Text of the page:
Is soccer the most corrupt sport in the world?
That’s a high bar, but events unfolding this morning suggest it may get crossed. Swiss police have arrested six officials of FIFA, the governing body of the sport, in a dawn raid on a luxury hotel in Zurich on suspicion of accepting bribes and kickbacks in return for lucrative marketing rights to tournaments in Latin America. The Swiss made the arrests at the request of the U.S. attorney’s office in the Eastern District of New York, which has issued arrest warrants for 14 people on charges ranging from money laundering to fraud and racketeering for offenses that spanned 24 years. You can read the press release from the Department of Justice here.
The Swiss also say they have opened a separate criminal investigation in FIFA’s operations pertaining to the 2018 and 2022 World Cup bids, “won” by Russia and Qatar respectively.
Meanwhile, all the turmoil in the media business doesn’t seem to be dampening CEO pay. Six of the ten highest paid CEOs in the U.S. last year worked in media, according to an Associated Press analysis.
More news below.
• Altice wasn’t ready for Time Warner bid
Charter Communications dominated the “Merger Monday” news cycle (in this case, news that officially was released on Tuesday due to the holiday) with the announcement of its $78.7 billion bid for Time Warner Cable. After Comcast’s bid for Time Warner exploded last month, another rumored suitor was Altice. Don’t expect an offer from the European telecoms group. Altice’s billionaire owner said his company wasn’t ready, adding he wouldn’t carry out reckless acquisitions.
• Snapchat: We need to IPO
Snapchat CEO Evan Spiegel sent out a short message about the startup’s future: He says the company needs to launch an initial public offering and has a plan to do it. “An IPO is really important,” Spiegel added. While Spiegel’s comments show he is serious about taking the startup, which allows users to send photos and short videos that disappear after the recipient sees them, he remained vague about any of the details.
• Tobacco deal clears antitrust hurdle
Reynolds American won U.S. antitrust approval to buy smaller rival Lorillard in a deal that will combine the nation’s second- and third-largest cigarette companies, making a stronger rival to market leader Altria. The $27.4 billion deal, announced last year, won final approval in a tight 3-2 vote. One dissent opinion expressed concern that a fourth rival that would be getting some of the Reynolds American-Lorillard brands would be too small to provide real competition.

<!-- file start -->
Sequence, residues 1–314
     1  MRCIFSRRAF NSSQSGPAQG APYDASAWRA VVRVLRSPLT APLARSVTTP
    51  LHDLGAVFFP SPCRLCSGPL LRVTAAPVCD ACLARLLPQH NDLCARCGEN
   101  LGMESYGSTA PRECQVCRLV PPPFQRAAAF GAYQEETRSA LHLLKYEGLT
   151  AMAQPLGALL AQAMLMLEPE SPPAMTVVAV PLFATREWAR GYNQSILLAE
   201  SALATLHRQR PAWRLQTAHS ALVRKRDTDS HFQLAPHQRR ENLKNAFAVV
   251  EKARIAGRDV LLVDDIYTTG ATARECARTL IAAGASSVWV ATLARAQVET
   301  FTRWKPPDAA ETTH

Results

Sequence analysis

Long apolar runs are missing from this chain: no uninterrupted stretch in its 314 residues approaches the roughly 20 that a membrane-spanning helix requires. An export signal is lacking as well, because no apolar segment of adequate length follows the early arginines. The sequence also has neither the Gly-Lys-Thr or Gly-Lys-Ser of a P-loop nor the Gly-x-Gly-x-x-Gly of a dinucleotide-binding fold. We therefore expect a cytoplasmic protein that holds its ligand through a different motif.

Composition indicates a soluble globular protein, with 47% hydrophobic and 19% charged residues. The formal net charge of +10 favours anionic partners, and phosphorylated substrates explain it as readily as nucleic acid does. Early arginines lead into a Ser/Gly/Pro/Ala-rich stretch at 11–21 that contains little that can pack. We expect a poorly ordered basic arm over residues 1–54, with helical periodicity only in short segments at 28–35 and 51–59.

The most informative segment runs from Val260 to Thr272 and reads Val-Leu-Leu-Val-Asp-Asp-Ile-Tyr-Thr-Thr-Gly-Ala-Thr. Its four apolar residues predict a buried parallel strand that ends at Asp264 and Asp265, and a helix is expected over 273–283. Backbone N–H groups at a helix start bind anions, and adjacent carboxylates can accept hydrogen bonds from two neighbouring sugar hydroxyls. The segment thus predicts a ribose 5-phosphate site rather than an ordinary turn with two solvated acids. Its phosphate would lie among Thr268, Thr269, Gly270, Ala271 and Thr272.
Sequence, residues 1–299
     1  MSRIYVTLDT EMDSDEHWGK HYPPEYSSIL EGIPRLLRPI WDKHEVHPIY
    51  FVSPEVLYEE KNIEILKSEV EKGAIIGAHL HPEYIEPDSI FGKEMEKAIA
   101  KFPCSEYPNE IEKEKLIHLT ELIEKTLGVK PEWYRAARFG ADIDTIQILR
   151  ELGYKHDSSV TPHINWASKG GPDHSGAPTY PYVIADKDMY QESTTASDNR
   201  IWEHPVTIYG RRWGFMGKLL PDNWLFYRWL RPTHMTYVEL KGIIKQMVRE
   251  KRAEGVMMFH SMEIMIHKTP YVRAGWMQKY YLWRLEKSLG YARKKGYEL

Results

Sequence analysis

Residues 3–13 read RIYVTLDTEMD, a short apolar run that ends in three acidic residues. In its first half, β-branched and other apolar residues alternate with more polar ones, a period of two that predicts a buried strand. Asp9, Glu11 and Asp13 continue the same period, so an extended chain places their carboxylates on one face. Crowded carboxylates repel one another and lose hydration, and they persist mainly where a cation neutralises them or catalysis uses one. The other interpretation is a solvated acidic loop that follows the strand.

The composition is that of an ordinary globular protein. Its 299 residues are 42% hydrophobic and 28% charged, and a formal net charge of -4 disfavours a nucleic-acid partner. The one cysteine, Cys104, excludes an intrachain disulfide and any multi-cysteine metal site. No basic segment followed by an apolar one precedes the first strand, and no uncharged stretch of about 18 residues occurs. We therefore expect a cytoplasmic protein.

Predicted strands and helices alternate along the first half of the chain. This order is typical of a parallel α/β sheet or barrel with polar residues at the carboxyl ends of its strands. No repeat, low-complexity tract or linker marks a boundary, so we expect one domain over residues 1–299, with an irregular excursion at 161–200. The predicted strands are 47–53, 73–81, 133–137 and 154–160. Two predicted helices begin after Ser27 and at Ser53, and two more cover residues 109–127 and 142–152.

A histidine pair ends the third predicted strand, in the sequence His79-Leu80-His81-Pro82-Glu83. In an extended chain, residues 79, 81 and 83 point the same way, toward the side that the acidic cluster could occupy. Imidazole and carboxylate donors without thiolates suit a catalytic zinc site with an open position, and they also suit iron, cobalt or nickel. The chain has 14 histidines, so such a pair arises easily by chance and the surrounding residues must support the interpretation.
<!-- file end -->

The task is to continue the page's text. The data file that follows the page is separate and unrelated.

• Hormel Foods goes organic
Hormel Foods is paying $775 million to buy organic processed meats maker Applegate Farms, the latest deal by a food giant for a smaller rival in the grocery aisle. Hormel CEO Jeffrey Ettinger explained that a “growing number of consumers are choosing natural and organic products.” That trend has reportedly driven up valuations of private food companies, as larger rivals hunt for sales growth to boost the slow growth of their legacy brands.
Around the Water Cooler
• Some firms won’t haggle over pay
Tech firms are known for their unusual perks and high pay but here’s an unusual trend that has surfaced in that world: some Web-based companies are refusing to haggle on pay. Social-news site Reddit.com, for example, has a take-it-or-leave-it policy for starting salaries. And it isn’t alone. Others like Jet.com and Magoosh have similar rules in place.
WSJ (subscription required)
• Vox Media buys ReCode
ReCode, a tech news website led by journalists Walt Mossberg and Kara Swisher, has been sold to Vox Media, adding to a growing wave of consolidation in the tech media world. Tech industry websites have struggled to attract a larger following, even though many deliver on scoops. Though exact terms of the all-stock deal weren’t disclosed, it appears Recode will mostly remain intact with both Swisher and Mossberg continuing to lead their team under the same brand name.
• Australia exports its’ café culture
Australia has developed a $3.2 billion coffee-drinking market that consumes more fresh beans per person than any other country. It has also develop new brews that are reproduced in other Western markets, like the new flat white that Starbucks recently introduced. “We’ve perfected how to make a good, strong, milky coffee,” said Peter Hall, executive chairman of fund manager Hunter Hall International Ltd.